New Zealand’s Native Fern Inspires Design

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The tallest tree fern in New Zealand, the Black Tree Fern, or Mamaku, graces the forest canopy with ancient grace and giant splendour. Lyzadie Renault, furniture designer extraordinare, of Lyzadie Design Studio, has created an inspired Black Tree Fern Collection, that is handmade in New Zealand. Here she talks about the collections origins, intent and magical, crafted journey.

1.    Why were you inspired by the Black Tree Fern? I find them utterly majestic. They transport me, make me feel like I’m in prehistoric times where any moment a dinosaur will come stumbling into view. Their form too is mesmerising. I find the black branches very beautiful in a surreal way – like they are part of an animal or insect. Gazing at them I often half expect them to start walking or moving like the black legs of an insect. It’s a creepy but very powerful sensation.

Making the collection it was this transformative quality, and the contrast of their physical make up that inspired me to design these pieces. The pattern of the canopy above the New Zealand bush is so light and elegant and it seems to contrast with the strong branches. I love that contrast. Solid and black to light and thin.

2.    Have you always been fascinated by them or is there a specific moment that changed how you viewed them? I can’t really remember as a child or when I was a young adult if I was attracted to them yet I do remember a specific magical moment when I stopped in my tracks and was transfixed by their beauty. I was hiking with my husband in Northland around the Whangamumu to Cape Brett track and we’d just stopped for lunch at the Te Toroa Bay. Walking up to the Cape Brett track we came across a forest of Black Tree Ferns. I am not sure if it is because we’d just come back from living in London for a few years that I felt quite strongly about them but I stopped in front of the giant tree ferns and fell in love with them from that particular moment.
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3.    When you started sketching the products in the collection, which product came first? How did it come about? The round dining table came first. The black branches held the strongest design appeal and lead the creative process. The branches are quite sculptural and dark so I saw that in the table very quickly but the canopy concept for the table top came much later.

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I had sketched various forms and patterns of it but wasn’t satisfied with any of them. It took a lot longer (and a trip to the zoo with one of my children) before I was clear what the canopy design would be.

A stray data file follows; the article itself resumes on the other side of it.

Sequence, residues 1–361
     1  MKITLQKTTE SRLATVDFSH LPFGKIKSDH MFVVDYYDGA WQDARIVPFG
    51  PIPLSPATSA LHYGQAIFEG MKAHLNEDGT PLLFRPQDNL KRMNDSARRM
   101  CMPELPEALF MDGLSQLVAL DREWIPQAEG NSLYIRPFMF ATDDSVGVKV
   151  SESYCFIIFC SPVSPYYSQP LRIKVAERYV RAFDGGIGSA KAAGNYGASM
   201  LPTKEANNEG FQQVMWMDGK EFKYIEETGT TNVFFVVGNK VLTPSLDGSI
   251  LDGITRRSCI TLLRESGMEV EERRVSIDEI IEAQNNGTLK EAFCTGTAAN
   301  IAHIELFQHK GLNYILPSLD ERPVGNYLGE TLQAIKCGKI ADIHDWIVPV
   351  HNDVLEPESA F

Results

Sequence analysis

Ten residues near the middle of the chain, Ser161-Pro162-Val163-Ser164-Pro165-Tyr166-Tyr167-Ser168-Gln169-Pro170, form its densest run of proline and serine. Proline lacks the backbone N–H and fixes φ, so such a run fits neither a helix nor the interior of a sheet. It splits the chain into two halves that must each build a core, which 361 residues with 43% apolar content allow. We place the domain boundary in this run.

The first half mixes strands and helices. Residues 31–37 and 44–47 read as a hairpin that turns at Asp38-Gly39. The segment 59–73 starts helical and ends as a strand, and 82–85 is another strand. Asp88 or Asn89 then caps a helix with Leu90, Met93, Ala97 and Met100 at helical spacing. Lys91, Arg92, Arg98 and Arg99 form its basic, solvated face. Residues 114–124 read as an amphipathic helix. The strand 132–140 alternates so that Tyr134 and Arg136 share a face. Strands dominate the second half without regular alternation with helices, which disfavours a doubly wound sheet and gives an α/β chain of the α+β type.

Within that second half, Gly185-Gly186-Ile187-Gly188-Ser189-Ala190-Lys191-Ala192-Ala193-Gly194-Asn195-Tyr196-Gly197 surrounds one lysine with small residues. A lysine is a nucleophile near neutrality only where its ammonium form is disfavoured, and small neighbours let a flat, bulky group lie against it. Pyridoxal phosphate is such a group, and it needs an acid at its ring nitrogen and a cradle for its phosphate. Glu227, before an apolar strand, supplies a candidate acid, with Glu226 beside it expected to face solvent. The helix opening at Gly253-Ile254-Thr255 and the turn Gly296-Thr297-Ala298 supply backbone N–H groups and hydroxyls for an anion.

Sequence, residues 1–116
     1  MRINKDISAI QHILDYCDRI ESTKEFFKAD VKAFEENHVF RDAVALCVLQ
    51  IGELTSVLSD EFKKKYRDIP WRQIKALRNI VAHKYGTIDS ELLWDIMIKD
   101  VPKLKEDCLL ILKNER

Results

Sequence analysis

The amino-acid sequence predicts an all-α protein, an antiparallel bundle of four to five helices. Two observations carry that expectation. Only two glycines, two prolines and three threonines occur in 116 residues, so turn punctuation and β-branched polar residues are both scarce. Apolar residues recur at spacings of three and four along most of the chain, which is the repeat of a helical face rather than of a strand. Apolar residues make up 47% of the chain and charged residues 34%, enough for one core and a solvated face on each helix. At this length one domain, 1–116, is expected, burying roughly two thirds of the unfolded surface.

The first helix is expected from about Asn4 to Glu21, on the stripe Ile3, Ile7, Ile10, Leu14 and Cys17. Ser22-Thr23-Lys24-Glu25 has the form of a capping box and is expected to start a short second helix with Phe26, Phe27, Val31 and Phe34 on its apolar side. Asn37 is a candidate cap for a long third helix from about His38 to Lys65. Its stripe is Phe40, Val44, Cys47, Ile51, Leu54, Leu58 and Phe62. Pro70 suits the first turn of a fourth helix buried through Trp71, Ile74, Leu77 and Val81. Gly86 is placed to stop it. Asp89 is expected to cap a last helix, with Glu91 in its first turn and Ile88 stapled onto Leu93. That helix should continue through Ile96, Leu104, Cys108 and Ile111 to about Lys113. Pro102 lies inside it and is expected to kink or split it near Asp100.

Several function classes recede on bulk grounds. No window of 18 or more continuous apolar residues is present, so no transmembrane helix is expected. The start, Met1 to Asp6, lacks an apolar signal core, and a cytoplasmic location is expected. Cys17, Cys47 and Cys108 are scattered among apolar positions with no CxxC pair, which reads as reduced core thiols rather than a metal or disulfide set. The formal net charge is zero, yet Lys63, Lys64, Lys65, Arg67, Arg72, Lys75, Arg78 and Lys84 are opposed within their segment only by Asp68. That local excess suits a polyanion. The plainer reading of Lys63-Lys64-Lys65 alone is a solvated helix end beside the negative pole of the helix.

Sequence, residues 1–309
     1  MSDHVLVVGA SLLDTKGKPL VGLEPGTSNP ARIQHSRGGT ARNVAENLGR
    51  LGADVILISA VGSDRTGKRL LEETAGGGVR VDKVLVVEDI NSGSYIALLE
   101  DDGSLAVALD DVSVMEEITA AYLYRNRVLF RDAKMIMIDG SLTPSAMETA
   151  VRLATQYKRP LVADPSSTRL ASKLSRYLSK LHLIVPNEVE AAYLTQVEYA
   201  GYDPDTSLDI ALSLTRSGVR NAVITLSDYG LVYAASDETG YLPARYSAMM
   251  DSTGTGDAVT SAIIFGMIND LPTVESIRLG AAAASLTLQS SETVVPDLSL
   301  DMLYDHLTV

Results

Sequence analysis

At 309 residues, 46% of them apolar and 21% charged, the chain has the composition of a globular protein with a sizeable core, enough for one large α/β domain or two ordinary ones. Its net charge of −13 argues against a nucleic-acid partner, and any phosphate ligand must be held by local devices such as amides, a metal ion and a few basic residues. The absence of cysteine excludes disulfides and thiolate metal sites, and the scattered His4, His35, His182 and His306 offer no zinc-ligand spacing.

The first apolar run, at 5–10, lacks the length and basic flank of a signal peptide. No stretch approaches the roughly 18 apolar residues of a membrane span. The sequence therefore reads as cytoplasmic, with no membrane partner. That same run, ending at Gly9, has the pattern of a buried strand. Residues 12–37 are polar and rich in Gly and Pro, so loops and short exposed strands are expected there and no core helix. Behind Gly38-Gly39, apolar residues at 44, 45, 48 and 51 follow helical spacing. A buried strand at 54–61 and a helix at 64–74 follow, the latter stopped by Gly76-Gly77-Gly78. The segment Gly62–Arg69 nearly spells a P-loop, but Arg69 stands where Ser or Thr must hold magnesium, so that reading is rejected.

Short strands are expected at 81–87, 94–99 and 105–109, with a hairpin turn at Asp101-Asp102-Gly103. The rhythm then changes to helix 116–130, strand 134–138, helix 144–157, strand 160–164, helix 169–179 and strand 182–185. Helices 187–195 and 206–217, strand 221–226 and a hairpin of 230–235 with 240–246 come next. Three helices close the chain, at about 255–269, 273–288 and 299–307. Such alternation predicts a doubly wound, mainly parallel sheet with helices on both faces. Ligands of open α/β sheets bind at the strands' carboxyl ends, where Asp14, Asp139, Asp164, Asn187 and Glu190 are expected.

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4.    Were there challenges making the first product/prototype in the collection? Yes. It took me well over a year to find a maker to make the metal base. My first approach seemed to be going well with one of my usual creative partners taking on the whole project, but a few weeks into the prototype process they came back and said the metal worker found the base too challenging. I went to maker after maker and spent over eight months meeting people, going over drawings and trying to find solutions but no one was able or willing to make it work. I wasn’t giving up on the idea though. It was a good reminder just how much patience and resilience it takes to create a collection.  I even tried, unsuccessfully, looking for a supplier to make it in timber. Finally, Powersurge decided they would give the prototype design a try and the rest, as they say, is history.  When you come up with designs makers have never made before you have to be prepared to be very persistent but the results when they work out are so satisfying.

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5.    How do you bring sustainable materials in the design process or when do you think of the materials? When I design a collection, I have already given a lot of thought of the best materials. I want to know whether they are sustainable, whether they will last a long time, can elements be recycled or upcycled at its end life, or is it biodegradable. I also look to the makers and their philosophy about reducing waste. These considerations never leave my mind when I design. For example, in the Black Tree Fern collection, Treology sources sustainable rescued river wood – Matai. You will find the GPS coordinates tag under each table and product which tells you where the tree was found. Provenance is something quite meaningful, I think. It enriches the experience with the product.

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